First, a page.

In the last week of September, the Joseph Jenkins Roberts Center at Norfolk State University (NSU) held a conference called “1619: The Making of America.” That year is historically significant because it was the first year Africans were brought to the colonies and it was the year America’s first legislative body was founded.
In an admirable gesture to honor all of the cultural relations happening in the America’s in 1619, NSU hosted several Native speakers and those familiar with Native history to address many issues not often covered in today’s classrooms. During these sessions, many little known facts about African Americans, Native Americans and slavery were addressed in the years following 1619.
The Term Negro May Have Been Meant For American Indians
During the session “Native Americans at 1619” Dr. Arica Coleman, an assistant professor at the University of Delaware who is of Rappahannock and African American descent, discussed how the term negro might actually be referring to an American Indian.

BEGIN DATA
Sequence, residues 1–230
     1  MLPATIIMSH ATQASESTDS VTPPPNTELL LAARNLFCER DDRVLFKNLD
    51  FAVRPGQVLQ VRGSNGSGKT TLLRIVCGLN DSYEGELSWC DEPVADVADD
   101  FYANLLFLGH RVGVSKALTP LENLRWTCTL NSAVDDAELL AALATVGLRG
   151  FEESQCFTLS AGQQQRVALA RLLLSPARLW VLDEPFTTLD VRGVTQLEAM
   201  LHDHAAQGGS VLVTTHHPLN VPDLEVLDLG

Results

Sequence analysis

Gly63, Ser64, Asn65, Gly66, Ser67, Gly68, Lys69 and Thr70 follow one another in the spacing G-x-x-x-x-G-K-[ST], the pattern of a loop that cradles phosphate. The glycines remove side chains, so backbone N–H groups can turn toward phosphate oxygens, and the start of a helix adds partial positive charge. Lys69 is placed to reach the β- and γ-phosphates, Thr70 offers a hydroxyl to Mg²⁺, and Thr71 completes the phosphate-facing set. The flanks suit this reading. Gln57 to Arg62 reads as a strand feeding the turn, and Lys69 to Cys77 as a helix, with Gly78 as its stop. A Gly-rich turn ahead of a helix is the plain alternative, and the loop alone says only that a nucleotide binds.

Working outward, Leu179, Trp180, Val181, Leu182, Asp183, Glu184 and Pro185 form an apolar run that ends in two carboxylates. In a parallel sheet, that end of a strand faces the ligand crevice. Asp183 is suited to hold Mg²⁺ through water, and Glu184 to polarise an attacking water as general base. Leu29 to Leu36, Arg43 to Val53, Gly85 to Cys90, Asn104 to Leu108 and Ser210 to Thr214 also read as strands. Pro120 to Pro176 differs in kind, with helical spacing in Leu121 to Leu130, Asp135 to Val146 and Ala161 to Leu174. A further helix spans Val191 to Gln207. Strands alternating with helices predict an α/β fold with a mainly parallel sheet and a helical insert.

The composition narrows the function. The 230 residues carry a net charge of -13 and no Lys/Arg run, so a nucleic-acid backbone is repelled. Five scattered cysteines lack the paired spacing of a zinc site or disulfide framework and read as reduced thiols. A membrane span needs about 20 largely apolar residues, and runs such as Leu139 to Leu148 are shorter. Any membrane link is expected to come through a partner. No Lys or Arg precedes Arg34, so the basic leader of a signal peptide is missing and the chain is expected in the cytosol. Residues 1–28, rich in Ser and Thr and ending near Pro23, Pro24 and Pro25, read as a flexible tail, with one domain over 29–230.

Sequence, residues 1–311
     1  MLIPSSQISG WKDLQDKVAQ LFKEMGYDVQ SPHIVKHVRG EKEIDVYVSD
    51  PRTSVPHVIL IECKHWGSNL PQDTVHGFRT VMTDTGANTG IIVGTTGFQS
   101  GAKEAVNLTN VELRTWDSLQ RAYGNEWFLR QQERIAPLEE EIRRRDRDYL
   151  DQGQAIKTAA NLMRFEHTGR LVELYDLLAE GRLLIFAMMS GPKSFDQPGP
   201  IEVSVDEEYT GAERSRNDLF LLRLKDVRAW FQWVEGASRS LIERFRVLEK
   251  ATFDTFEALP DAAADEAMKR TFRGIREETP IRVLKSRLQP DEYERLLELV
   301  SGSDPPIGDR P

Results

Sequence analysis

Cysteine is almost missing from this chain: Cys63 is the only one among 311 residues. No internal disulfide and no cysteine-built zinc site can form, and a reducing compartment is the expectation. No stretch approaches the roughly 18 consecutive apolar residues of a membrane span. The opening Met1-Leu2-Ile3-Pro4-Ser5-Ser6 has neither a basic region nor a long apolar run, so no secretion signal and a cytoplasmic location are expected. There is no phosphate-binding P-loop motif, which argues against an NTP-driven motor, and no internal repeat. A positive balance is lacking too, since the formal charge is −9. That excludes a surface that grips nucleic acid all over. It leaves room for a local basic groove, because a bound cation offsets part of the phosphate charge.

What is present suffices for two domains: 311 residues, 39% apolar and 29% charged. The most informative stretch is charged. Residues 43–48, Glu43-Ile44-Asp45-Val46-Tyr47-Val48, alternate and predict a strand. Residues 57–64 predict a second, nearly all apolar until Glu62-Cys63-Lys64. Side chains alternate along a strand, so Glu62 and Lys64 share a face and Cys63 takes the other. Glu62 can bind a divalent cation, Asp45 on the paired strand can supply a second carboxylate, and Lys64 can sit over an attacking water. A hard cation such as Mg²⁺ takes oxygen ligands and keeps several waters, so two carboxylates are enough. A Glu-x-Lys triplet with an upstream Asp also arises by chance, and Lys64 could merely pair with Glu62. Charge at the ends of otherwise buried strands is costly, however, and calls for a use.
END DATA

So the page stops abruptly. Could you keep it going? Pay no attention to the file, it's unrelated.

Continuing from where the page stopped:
According to her latest book, That the Blood Stay Pure, the term's origins can be traced to medieval Italy where it was a classification of a skin color, not race. Additionally, Europeans often referred to indigenous populations of their communities as negroes. In the Portuguese colony of Brazil, Indians were called negros da terra meaning negroes of the land.
Coleman pointed out during the conference that the early Virginia legislature identified Moors and negroes separately. There is also documentation in which individuals were described as “Negro African.” Coleman questioned why the two words would be used to describe an African person and suggested the Native meaning as a strong possibility.
1619 Might Not Be the Right Year
Dr. Coleman also asserts the year 1619 isn’t entirely correct regarding the first arrival of blacks to America. She notes “negroes” accompanied Spanish North American expeditions a century before the English arrived in Virginia.
She also cites evidence of cohabitation with aborigines in the early 17th century. She says that in 1603, seven negroes escaped from St. Augustine, maintained their freedom and married Indian women. - ICTMN.com